Blog - coffee from every angle : Health, human capital, social measures and coffee producers / Magnifico
In our range of products, Café Liégeois offers an extensive selection of coffee beans. Did you know that once grounded, brewed and consumed, your leftover coffee grounds could be re-used for other purposes? Here are 5 quick and easy ways to use coffee grounds at home! You will be surprised ☺
Restore your garden
Among its virtues, coffee has the power to restore your wooden furniture when used as a polish to clean and eliminate marks. Nothing complicated, just mix hot water, vinegar and coffee grounds and let rest one hour. Afterwards, gently apply and rub the scratches off your furniture.
Create scented candles
Create coffee-scented homemade candles with our selection of fruity and FairTrade Organic Kivu et Chiapas beans. It will fill your room with a cozy atmosphere thanks to the smell of morning coffee. All you’ll need are coffee grounds, candle wicks, candle wax, a cup and skewers.
Reuse coffee in plant fertilizer
Natural coffee is good for your plants as it can play the same role as fertilizer: it is full of nutrients which promotes soil fertility. Next time you get out to garden, mix some coffee grounds in your fertilizer at the foot of plants, it can even keep insects away.
Eliminate dark circles
Do you have some lack of sleep and dark circles in the morning ? Use coffee to wake up in more ways than one! In a homemade or store-bought serum applied under your eyes, coffee will become your best ally against tiredness.
Add to your dry shampoo
Here is a quick homemade recipe to make your own dry shampoo (suitable for dark hair only). Take two spoons of coffee grounds, essential oil, corn flour, rice and water and mix all together. Like all other dry shampoos, apply to the hairline, shake and brush out of the hair.
For this beauty trick, we recommend our Magnifico coffee beans. Perfect for your homemade recipes thanks to its darker roasting!
It is no surprise that at Café Liégeois we are full-out coffee addicts. All we do is think about coffee, talk about coffee, make coffee and, of course, drink coffee. For me, I have a Tradition black coffee and two Magnifico espressos to get the day going. And when I need a pick-me-up after lunch, I often go for a single Kivu espresso. That’s four coffees per day!
I used to be a bit weary of my coffee consumption, but after stumbling upon some coffee history facts, I realized that I am quite moderate in comparison to some of history’s greatest celebrities. Philosophers, writers, politicians and even musicians have depended on this beverage to create the work that has since made them a legacy. Who knows, maybe the world wouldn’t be the same as it is today without the help of a few (dozen) coffees.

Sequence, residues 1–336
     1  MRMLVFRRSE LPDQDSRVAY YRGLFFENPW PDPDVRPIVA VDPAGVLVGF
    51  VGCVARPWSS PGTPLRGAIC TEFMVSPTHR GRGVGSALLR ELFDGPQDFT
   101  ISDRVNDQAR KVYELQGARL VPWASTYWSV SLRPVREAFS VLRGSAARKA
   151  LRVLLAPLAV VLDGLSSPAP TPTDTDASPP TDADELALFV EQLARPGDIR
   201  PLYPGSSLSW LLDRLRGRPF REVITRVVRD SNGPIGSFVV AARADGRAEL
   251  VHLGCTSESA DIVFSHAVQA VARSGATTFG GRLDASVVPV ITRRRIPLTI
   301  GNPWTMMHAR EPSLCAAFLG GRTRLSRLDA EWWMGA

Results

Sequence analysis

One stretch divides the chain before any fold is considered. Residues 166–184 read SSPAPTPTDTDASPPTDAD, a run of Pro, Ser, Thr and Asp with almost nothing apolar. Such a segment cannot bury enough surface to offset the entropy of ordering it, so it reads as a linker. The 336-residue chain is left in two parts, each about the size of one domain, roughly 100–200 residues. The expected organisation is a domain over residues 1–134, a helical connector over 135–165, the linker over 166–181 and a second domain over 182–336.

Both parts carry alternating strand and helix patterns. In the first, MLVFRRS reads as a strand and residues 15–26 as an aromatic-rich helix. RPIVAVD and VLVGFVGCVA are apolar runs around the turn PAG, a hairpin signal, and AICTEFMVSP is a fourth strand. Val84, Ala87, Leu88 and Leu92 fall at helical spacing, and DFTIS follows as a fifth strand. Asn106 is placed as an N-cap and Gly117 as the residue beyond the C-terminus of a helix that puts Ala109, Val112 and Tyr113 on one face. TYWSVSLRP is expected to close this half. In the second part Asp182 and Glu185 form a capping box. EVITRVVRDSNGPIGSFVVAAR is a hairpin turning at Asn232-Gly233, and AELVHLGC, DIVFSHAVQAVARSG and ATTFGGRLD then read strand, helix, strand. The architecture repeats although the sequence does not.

From composers to politicians, here is a short list of some of the biggest coffee drinkers of the past five hundred years:
Ludwig Van Beethoven
This famous composer was just as meticulous with the creation of his music as he was with the brewing of his coffee. It has been said that Beethoven would count out exactly 60 coffee beans to make his morning cup of coffee. According to him, this was the perfect dosage to make an exceptional cup.
“If there was no Coffee, it would be necessary to invent it”, am I right? French writer Voltaire is known to be one of the largest coffee drinkers of all time. He is rumoured to have drank forty to fifty coffees mixed with chocolate per day. Though many feared this alarming amount would kill him, Voltaire lived into his mid eighties.
Johann Sebastian Bach
It wasn’t for nothing that the composer created a mini opera based on coffee! The Coffee Cantana is a short story about a father who demands his coffee-addicted daughter to give up the drink in order to get married. Luckily for her, there were plenty of coffee-crazed suitors that would agree to marry her!
For those curious to know where the start of the Venti sized coffees came from, it all leads back to former President Roosevelt. The president would drink a full gallon of coffee everyday. Even his son commented on his father’s obsession, noting that his cup was “more in the nature of a bathtub”.
Designed and roasted the Italian way, the Magnifico is a full-bodied south-American mix, mostly from Colombia; its smoked, spicy and slightly acidic notes characterize it. Our genuine Italian espresso coffee is available for Nespresso® OriginalLine machines. 100% coffee compatible.
Colombia, producing land since 1875!
This Arabica and Robusta mix mostly comes from one of the biggest coffee producing countries: Colombia. This country is comprised with 15% of the world’s production. Its culture began in the province of Santander in 1875.
The country experienced difficulties and numerous civil wars occurred, thus slowing the production of coffee until 1900. It’s not until 2014 that Colombians proudly announced their world coffee production ranking, coming in 3rd, right behind Brazil and Vietnam.
An Arabica land:
They are the 2nd largest world producer of Arabica coffee, with an annual production of 13 million bags of 60kg, far ahead of countries such as Indonesia.
Colombia mostly produces Arabica coffee; their plantations are located in the occidental and central part of Colombia in the Andes. Producers of this country harvest the coffee by hand, which allows a guarantee in the quality of grains, while offering a rich, round and balanced aroma.